Vladislav Verkhusha Credit: Linda Tammisto

Vladislav Verkhusha, a researcher at Albert Einstein College of Medicine, deeply enjoys building things. He and his team have created an optogenetic system with which they have activated gene expression in the liver cells of live mice, tweaked cell shape, moved proteins in cells, and manipulated a signaling pathway. “Using near-infrared light, we can go through the whole mouse body to activate our optogenetic system,” says Verkhusha. The system reaches two centimeters deep, and he hopes that in the future it will reach farther still. He wants to use his system to regulate other activities in cells and whole animals, too. The advantage of a near-infrared molecular tool is that it helps to non-invasively control biological processes and activates only the reaction of interest.

At the heart of Verkhusha's optogenetic system is the light-induced interaction of two proteins: the bacterial phytochrome BphP1 and its binding partner PpsR2, both from Rhodopseudomonas palustris. The system requires light and this partnership, much like a personal interaction in which one person's help makes something else happen. Light initiates a protein–protein interaction in which one protein contacts another with a request that initiates specific cellular events. The phytochrome the team chose is particularly amenable to engineering: its chromophore uses biliverdin, which is also found in mammalian tissues.

Verkhusha is truly passionate about his science, which makes him and all those around him work harder, says Alexander Sorkin, a researcher at the University of Pittsburgh School of Medicine, who was Verkhusha's faculty supervisor when they were both at the University of Colorado. “He is highly knowledgeable in his research area,” says Sorkin. “If I have any question about fluorescent proteins, I do not go to PubMed, I call Vlad.”

From his professorship at the University of Colorado in Denver, Verkhusha joined the faculty at Albert Einstein College of Medicine in 2006. He is also setting up a start-up company called iLight Biotechnologies to help commercialize the genetically encoded near-infrared probes and tools from his lab, potentially for modeling human disease in animals for drug discovery.

In the lab, Verkhusha keeps his door open for chats with team members because, he says, their motivation and collaboration with one another are crucial for the lab's success. He recommends they keep several projects running and that they work with other labs, too, to ensure that they will have publications if their main project does not go as well as planned.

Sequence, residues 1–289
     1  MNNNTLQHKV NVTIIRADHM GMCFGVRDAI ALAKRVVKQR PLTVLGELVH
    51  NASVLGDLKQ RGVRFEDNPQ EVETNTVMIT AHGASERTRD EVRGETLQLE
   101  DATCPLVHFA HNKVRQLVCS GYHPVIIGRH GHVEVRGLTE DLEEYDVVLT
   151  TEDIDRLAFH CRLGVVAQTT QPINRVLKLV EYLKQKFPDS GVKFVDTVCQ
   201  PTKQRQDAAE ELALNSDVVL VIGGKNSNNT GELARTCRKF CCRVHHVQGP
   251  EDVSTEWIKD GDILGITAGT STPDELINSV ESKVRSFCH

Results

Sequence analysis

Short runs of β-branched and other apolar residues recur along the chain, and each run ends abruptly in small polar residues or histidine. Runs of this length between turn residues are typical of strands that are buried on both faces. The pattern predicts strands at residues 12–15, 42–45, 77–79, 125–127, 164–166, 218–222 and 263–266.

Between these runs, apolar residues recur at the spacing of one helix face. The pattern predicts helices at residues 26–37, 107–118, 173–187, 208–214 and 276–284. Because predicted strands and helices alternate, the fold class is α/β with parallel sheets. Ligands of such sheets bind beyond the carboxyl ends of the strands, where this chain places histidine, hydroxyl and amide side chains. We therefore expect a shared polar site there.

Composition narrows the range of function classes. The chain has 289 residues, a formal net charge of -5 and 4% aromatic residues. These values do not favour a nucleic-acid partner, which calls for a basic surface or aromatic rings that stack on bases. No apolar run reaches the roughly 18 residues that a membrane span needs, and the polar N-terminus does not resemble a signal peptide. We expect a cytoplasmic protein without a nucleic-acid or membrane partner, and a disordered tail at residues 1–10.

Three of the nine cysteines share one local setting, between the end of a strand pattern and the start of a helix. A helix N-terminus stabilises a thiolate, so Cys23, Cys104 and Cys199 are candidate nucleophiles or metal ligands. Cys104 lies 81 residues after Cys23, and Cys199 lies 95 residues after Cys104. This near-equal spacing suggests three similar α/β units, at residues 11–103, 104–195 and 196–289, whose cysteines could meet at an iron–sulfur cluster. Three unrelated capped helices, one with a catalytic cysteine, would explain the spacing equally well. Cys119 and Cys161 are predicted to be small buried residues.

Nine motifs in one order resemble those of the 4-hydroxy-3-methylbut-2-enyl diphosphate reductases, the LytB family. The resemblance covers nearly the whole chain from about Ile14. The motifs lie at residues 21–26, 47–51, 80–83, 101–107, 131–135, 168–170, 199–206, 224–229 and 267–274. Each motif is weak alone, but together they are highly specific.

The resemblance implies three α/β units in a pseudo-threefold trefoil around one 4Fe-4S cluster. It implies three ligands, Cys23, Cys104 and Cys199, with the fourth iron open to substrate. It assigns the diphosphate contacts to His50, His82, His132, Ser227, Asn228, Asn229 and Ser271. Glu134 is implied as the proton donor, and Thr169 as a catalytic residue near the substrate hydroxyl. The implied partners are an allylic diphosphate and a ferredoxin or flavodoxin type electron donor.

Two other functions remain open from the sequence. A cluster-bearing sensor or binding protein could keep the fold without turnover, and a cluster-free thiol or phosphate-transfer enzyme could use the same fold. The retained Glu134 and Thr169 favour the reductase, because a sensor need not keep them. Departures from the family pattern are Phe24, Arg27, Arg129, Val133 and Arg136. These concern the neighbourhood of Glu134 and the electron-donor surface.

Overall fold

I wanted to know how various devices work and be able to construct my own.

Verkhusha's father sparked his interest in math and physics, and his grandfather taught him joinery and locksmithing in his workshop. “I wanted to know how various devices work and be able to construct my own,” says Verkhusha. Starting with his first children's construction kit, he kept building: sound amplifiers, radios, antennae, and a Galilean-type telescope, which he designed with his father and which was his first serious encounter with optics. He also liked helping his grandparents in their gardens and orchards, and that got him interested in biology. His parents were both agricultural engineers, and as a schoolboy Verkhusha did experiments with plants.

Verkhusha trained in biophysics, engineering, photochemistry, optical spectroscopy and microscopy, immunology, and molecular and cell biology. His education in math, physics and engineering took place in the former Soviet Union; he gathered experience in molecular and cell biology and fluorescence microscopy in Japan. He studied biophysics at Moscow Institute of Physics and Technology and completed his PhD in chemistry at Moscow State University. He worked on macrophage immunology as a postdoctoral fellow at Osaka Bioscience Institute in Japan. He studied fruit fly and cell biology as a researcher for the Japan Science and Technology Agency, where he developed green and red fluorescent transgenic fruit flies and imaged them on one of Japan's first commercial confocal microscopes.

In Japan, Verkhusha was fascinated by the many small and convenient devices he discovered in and outside the lab. He liked the lab equipment geared toward an individual researcher. To this day, he orders his favorite devices from Japan. “While working in Japan,” he says, “I was impressed by the power of fluorescence microscopy and how the first fluorescent proteins could change our understanding of biological processes in living animals.”